Matagorda County Museum Our Blog How to Design Successful Historical Exhibits

How to Design Successful Historical Exhibits

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History is a complex subject, full of many competing points of view and interpretations. Historical exhibitions must allow for informed debate of those issues, but they should not suppress controversial topics or impose an uncritical point of view on their visitors. The content of an exhibit may raise sensitive questions, memorialize tragedies, or call attention to injustices, and those are all good things.

A successful exhibition is more than just history put up on the walls, but creative visual poetry that sparks imagination. Objects, graphics, photographs, and re-created spaces all add to our understanding of the past and bring the history to life.

Including the Voices of the People

Museums must do more than simply tell the old histories of their towns and regions; they must include stories from the communities they serve. They need to demonstrate that they deserve their tax-exempt status by serving all of the citizens of a community and not just a wealthy, culturally exclusive few.

Incorporating diverse voices into historical exhibitions is a difficult challenge that requires sensitivity, creativity, and resources. To do so, museums must develop new audiences and explore broader concepts of history that are meaningful to people from different backgrounds. This is an ongoing process that requires constant exploration of new sources and engagement with local communities.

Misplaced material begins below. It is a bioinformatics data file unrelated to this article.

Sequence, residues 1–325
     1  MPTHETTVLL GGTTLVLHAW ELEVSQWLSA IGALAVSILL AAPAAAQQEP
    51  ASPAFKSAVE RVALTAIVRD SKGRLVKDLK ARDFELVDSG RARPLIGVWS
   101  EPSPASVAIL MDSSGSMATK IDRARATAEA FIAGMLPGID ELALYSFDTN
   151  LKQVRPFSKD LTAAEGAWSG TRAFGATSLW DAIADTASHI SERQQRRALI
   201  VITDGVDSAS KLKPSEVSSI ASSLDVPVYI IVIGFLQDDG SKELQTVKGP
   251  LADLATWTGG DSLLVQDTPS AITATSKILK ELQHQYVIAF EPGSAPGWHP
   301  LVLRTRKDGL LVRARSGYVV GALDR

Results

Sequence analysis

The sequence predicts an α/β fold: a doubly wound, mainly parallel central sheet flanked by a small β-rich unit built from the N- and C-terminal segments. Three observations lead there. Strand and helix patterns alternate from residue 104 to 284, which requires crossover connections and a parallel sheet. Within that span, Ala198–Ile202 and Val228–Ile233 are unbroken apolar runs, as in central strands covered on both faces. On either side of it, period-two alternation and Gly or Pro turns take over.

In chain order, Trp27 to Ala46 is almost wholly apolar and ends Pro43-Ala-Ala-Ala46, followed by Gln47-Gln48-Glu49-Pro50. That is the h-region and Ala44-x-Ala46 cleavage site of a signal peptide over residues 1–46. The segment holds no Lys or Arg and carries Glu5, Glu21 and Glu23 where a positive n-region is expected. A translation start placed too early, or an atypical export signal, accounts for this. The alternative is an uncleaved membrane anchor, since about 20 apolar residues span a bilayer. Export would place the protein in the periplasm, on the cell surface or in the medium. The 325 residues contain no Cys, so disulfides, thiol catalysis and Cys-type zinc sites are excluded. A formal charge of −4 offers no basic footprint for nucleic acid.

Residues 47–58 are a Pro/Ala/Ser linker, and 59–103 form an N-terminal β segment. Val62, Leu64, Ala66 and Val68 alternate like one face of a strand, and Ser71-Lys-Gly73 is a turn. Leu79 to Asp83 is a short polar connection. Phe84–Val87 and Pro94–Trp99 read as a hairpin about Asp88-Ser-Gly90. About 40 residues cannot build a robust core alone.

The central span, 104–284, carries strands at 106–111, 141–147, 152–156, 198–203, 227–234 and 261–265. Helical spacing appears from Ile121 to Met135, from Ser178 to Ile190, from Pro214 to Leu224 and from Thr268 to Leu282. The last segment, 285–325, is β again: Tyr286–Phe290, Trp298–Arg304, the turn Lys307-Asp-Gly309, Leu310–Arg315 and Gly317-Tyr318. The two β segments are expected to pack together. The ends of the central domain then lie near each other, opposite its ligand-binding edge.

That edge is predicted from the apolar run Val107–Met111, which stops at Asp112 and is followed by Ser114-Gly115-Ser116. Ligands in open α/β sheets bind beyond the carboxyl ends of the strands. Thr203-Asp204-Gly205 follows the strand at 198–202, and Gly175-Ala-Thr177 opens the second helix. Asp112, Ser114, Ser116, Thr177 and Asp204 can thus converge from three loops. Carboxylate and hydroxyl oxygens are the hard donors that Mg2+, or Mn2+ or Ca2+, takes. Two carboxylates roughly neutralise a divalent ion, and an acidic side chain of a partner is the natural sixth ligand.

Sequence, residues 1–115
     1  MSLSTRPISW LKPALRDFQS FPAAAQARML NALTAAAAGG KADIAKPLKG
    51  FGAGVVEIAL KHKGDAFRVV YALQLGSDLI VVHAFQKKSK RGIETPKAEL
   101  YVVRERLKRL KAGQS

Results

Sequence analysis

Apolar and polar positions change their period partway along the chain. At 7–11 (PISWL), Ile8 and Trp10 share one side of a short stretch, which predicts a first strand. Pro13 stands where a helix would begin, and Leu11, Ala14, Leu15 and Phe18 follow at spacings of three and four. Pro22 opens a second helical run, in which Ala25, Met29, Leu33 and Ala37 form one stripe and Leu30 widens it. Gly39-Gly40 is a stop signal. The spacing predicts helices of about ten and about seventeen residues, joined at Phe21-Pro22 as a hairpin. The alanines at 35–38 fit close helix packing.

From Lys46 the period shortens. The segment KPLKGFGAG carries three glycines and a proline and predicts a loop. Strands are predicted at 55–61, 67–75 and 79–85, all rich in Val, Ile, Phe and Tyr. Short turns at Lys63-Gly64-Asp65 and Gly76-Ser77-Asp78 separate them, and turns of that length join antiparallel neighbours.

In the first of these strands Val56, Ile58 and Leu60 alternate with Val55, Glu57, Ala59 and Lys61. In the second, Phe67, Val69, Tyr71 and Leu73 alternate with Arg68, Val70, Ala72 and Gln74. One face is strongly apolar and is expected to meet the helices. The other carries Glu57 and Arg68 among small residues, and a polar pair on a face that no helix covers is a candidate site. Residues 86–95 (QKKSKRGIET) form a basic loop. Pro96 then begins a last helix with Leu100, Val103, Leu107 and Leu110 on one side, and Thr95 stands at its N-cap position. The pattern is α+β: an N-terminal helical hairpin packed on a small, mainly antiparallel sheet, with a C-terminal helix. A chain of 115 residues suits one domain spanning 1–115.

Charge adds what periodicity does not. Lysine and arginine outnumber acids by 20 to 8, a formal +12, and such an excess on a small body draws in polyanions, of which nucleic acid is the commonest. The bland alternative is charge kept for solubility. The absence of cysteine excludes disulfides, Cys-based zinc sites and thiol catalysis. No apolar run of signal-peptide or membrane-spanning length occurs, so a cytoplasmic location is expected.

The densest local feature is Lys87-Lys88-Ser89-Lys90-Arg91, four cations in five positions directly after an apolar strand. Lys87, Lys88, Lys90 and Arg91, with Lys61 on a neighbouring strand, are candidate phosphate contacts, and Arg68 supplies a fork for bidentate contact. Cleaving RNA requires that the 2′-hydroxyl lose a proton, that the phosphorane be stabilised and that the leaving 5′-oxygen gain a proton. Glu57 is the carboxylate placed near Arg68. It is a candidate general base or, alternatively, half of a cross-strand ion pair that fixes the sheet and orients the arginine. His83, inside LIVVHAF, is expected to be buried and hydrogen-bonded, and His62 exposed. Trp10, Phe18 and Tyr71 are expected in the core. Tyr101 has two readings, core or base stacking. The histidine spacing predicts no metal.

Bending the Rules

Most historic buildings have unique constraints that affect what can and cannot be done to an interior space for an exhibit. For example, there are often limitations on fastening items to a wall or ceiling, lighting is usually not well suited to an historic environment, power locations can be limited or nonexistent, and the use of colors and finishes can conflict with the preservation of the building.

To design a successful exhibition, an exhibit designer needs to understand these constraints and find solutions that are both effective and respectful of the history they are trying to tell. This is not always easy, but it is essential to the success of an exhibit.

A great deal of historical work involves using artifacts in an exhibit context, but not all museums have the resources or space to collect and display the objects needed for a comprehensive and inclusive exhibition. Many exhibit designers are therefore exploring more inclusive ways to tell a story and enabling the visitor to connect with larger ideas in a more intimate manner.

One way to do this is by expanding an exhibit out into the grounds of a historic estate. This allows exhibits to be more interactive and less constrained by the sensitivity of an historic house, while providing a way for people from all walks of life to enjoy the same experience.